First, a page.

Screenshot from ICE video

Members of the Immigration and Customs Enforcement agency—who spend most of their time tearing families apart—are busy this week focused on another project: sharing pictures of themselves at the U.S. Bank Stadium in Minneapolis ahead of the Super Bowl this Sunday. ICE even has a special Super Bowl hashtag, #ICEatSB52.

It’s all part of an annual promotional blitz which takes advantage of the huge Super Bowl audience to brand the agency as a group of patriots protecting fans from everything from terrorists to fake NFL jerseys. There’s everything from Twitter and Facebook posts to multiple videos on YouTube.

A 2017 ICE memo shows how ICE officials use Super Bowl enthusiasm to “maximize exposure” and “increase public awareness” of the agency’s intellectual property rights unit. (The memo was obtained through a Freedom of Information Act request filed by the Special Projects Desk, the investigative unit at Gizmodo Media Group.)

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An excerpt from the memo highlighting key talking points to use during interviews with journalists. (ICE memo obtained through Freedom of Information Act Request)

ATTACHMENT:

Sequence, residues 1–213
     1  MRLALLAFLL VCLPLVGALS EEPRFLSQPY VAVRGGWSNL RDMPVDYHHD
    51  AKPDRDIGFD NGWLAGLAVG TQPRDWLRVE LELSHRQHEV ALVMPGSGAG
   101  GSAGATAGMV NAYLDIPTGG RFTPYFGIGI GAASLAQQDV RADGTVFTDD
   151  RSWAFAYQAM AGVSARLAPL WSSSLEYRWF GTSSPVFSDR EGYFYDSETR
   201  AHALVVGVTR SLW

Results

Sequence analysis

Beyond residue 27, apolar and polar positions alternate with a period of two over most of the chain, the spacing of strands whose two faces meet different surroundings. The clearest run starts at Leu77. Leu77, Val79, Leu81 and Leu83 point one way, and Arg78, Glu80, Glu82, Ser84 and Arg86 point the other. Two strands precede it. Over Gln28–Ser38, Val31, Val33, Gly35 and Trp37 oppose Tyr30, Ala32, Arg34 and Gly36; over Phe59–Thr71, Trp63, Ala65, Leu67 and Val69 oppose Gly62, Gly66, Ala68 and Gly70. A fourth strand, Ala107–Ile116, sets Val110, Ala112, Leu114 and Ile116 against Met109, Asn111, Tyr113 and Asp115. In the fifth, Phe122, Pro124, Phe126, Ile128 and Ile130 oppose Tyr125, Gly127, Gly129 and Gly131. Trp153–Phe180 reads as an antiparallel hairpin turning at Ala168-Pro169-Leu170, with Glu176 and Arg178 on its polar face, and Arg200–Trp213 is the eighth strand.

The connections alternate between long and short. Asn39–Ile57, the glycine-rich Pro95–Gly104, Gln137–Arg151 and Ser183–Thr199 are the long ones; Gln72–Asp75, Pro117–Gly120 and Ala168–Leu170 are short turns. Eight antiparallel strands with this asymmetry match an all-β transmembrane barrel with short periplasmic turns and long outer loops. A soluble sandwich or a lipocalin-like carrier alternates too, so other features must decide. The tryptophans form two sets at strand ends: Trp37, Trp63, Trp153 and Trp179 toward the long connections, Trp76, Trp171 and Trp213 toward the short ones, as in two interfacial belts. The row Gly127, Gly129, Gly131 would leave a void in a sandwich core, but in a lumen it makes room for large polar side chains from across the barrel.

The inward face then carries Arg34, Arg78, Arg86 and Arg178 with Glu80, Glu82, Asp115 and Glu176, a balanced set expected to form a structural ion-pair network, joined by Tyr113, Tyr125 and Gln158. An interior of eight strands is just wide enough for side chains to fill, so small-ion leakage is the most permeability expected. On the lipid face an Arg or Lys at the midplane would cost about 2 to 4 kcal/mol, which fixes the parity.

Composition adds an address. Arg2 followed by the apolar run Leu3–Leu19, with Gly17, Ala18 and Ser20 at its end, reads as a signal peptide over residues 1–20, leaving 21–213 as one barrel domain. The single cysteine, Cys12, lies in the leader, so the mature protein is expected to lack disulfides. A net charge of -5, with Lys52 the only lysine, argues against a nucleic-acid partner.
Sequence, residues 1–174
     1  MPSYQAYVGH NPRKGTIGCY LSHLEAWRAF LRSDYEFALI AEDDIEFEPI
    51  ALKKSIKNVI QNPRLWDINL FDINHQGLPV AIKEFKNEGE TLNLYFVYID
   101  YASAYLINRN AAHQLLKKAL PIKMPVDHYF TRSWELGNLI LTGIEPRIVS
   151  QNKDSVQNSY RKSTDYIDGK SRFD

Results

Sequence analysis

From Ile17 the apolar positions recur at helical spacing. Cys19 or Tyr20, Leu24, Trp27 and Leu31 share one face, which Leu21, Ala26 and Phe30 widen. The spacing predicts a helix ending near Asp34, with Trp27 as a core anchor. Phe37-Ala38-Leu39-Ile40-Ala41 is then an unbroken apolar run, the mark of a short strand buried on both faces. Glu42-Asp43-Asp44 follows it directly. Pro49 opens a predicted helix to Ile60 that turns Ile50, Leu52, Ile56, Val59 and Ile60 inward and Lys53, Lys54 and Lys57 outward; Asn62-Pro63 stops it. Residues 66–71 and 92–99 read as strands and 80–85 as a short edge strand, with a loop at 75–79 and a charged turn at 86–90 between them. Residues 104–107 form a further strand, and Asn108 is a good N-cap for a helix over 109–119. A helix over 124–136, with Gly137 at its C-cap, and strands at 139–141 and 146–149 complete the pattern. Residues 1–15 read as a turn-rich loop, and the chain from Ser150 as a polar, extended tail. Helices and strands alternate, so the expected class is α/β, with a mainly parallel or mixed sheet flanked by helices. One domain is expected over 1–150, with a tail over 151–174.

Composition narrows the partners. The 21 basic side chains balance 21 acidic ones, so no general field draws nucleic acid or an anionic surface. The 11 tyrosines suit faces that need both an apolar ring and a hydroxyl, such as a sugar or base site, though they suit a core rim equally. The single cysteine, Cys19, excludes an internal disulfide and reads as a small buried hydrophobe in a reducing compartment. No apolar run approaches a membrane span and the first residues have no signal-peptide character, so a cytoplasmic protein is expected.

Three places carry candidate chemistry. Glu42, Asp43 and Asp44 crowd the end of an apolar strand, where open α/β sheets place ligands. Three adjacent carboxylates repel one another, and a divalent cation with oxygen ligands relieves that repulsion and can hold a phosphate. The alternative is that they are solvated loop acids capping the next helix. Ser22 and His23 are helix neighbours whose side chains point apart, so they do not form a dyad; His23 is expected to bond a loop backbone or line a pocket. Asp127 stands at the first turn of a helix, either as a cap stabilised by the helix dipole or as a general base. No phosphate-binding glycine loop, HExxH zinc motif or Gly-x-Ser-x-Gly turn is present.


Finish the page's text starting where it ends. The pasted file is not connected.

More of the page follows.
Super Bowl fans searching through the hashtag #ICEatSB52 won’t see ICE tweeting about the agency targeting three New Jersey fathers taking their kids to school, or how the head of ICE has terrorized immigrant communities with threats of street and home arrests. They will, however, see plenty of material about ICE agents protecting us from the scourge of counterfeit jerseys, as well as minute-by-minute updates about ICE security sweeps.

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ICE declined to provide comment for this story. Instead, the agency directed us to its website, where there is a flashy section devoted entirely to its work at the Super Bowl. The page directs visitors to follow its “efforts on Facebook, Twitter, Instagram, LinkedIn, YouTube and Flickr.”

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The 2017 memo shows that last year, the agency had a team shooting and editing footage of the agents at the Super Bowl to provide to news agencies at no cost. Another two staffers were in charge of posting updates on Facebook and Twitter. Another person was in charge of live streaming press conferences. And an ICE speechwriter based in Washington, DC, drafted the remarks an official read at press conferences.

An excerpt from an ICE memo obtained through a Freedom of Information Act Request. (ICE memo)

The memo also shows the agency inviting local reporters on “ride-along opportunities” to join them as they arrest street vendors.

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(ICE memo)

The media blitz consistently yields results. News outlets can be relied upon to write stories about ICE’s Super Bowl heroics, year after year after year. Sometimes they even put ICE’s own videos in their posts.

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Another ICE success story! Take a look at the full 2017 memo below.